L E T T E R S    T O    T H E    E D I T O R

Measures needed to check falling rupee

It is a pity that the Indian rupee is today so weak that it has become more than a sixtieth part of a US dollar (editorial, ‘Rupee turns 60 plus: Foreign investors head for the door’, June 28) and it is expected to fall further to the level of 62. Certainly, this is a matter of grave concern for the Indian economy. What is painful is that the falling rupee will push up inflationary pressures and the prices of all essential commodities will rise, making it difficult for the common man to make both ends meet.

Agreed that the falling value of the rupee will give a boost to the Indian exports and also that Indians will receive more money than earlier if sent by NRIs from the US, but the imports to India, which are more than the exports from here, will become more costly and the oil and fuel prices will go up to a more pinching level. Petrol, diesel and cooking gas will become costlier if the rupee falls further. A visit to the US will also become costlier. It is ridiculous to learn that the RBI is not doing anything to arrest the fall of the rupee.

The government should invite foreign investors to India by easing norms of "clearances" of projects and land acquisitions and eliminating middlemen and corruption in both civil and government departments. Corruption is a major factor that negates all agendas/projects in our country. It is time to punish all those who seek bribes "to get things done". This will certainly give a boost to the economy of our country and the rupee will rise. So, the government should tackle corruption on a war footing.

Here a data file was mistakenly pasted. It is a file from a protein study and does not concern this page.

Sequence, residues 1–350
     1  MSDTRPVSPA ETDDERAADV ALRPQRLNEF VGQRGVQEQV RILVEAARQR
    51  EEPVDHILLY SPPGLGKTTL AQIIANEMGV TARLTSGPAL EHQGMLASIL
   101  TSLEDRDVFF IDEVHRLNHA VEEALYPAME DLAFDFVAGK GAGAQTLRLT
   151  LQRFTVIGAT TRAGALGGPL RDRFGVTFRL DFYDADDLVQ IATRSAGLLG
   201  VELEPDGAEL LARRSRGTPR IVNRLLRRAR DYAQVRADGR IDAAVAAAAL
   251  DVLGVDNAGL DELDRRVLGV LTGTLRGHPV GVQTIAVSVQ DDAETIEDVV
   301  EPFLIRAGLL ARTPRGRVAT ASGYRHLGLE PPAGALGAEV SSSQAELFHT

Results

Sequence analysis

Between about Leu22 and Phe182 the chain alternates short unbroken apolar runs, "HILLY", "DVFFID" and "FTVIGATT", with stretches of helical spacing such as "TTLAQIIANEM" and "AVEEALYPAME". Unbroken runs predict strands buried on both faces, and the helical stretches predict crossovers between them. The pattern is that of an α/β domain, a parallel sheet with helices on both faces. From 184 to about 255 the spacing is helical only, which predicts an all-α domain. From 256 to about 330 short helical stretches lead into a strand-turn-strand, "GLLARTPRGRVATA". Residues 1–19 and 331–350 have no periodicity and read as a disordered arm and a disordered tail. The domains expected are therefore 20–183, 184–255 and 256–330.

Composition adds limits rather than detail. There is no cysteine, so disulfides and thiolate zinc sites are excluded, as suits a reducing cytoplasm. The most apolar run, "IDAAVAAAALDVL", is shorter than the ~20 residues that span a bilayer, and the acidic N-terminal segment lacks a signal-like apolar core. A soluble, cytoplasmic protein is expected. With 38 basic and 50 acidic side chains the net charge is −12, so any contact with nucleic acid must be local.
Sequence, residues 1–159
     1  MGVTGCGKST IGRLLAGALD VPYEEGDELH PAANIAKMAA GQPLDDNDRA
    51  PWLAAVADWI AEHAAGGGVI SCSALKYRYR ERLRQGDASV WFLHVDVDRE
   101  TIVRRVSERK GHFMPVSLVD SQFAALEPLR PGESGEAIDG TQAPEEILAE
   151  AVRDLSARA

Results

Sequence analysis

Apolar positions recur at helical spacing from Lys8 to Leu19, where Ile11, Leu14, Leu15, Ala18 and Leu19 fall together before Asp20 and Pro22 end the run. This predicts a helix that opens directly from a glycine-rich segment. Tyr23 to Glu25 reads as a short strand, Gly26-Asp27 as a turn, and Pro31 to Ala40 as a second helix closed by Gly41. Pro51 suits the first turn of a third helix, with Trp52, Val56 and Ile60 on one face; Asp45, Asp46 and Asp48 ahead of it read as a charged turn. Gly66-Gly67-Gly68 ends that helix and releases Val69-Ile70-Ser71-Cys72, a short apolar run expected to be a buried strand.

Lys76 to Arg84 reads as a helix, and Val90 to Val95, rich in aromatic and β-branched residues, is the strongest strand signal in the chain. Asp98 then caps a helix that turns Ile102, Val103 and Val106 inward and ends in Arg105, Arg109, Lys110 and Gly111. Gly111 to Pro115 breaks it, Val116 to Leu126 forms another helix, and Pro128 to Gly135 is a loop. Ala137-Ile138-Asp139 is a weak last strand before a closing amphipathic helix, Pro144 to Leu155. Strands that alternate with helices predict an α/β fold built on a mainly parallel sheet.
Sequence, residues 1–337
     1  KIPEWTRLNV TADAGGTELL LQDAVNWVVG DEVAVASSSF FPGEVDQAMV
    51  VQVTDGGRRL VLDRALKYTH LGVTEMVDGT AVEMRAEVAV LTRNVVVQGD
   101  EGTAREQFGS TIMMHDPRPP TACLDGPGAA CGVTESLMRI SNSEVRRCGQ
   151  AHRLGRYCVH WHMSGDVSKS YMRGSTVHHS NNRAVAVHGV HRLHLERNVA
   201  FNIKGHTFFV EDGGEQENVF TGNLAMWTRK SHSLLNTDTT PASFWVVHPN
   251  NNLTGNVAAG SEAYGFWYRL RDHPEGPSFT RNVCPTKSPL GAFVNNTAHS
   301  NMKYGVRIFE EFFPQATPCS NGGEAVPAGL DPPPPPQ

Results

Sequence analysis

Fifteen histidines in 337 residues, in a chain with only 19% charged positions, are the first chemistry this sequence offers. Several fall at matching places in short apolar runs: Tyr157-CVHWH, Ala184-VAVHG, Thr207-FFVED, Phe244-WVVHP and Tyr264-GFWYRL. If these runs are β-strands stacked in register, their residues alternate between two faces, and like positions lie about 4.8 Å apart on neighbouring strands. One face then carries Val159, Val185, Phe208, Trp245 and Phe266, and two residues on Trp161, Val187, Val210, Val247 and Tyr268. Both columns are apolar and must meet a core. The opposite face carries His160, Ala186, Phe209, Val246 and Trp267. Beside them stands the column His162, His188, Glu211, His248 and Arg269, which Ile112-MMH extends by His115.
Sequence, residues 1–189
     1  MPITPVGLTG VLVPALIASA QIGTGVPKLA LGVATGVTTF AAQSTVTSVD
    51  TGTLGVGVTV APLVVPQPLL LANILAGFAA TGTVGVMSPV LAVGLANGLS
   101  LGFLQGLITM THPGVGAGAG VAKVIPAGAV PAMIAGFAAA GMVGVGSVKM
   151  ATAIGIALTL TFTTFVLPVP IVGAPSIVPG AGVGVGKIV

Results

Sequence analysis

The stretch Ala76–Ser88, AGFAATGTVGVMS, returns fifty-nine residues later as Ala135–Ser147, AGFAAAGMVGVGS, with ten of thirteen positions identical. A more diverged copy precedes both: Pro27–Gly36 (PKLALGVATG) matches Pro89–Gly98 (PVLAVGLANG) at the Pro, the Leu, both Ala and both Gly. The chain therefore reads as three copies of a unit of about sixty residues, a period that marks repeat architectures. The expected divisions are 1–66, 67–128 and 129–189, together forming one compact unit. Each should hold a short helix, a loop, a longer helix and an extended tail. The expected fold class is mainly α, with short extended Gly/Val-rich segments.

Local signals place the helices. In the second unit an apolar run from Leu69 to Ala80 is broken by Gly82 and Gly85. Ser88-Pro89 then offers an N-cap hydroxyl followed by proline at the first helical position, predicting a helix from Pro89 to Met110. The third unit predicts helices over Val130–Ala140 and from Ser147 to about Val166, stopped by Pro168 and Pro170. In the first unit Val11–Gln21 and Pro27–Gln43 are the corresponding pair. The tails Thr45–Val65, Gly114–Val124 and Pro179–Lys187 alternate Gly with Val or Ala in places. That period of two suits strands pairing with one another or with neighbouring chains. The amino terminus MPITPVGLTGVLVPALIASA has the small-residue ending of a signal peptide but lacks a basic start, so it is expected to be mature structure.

R K KAPOOR, Chandigarh

Unemployment issue

Most of the people in India choose engineering as a profession in order to earn a fortune rather than serving their country in the fields of science and technology. This has led to unemployment problem in India. The government should introduce such courses as could provide self-employment to youth like starting own small-scale business and industry. Thus, they will be able  to get employment as well as help their  country  in giving  ample job opportunities to other youth.

KIRANDEEP SINGH, Barnala                     

BJP a ‘secular’ party

This refers to the thought-provoking editorial ‘Strong and single’ (June 25). First, I do not agree with you that the BJP is “run through a remote control from Nagpur”. This is a filament of imagination on the part of a large section of the media. If the words democracy, secularism and patriotism are understood in their true spirit, and in relation to the sovereignty of India, the BJP is, then, categorically a democratic and secular party. Unlike the Congress party, it does not turn to some single, monolithic abstraction of secularism but to concreteness of its own maximally differentiated philosophy of Hindutva, which could win the BJP its alliance from every Indian ( irrespective of his caste, creed and religion) for the greater cause of progress and patriotism in this country.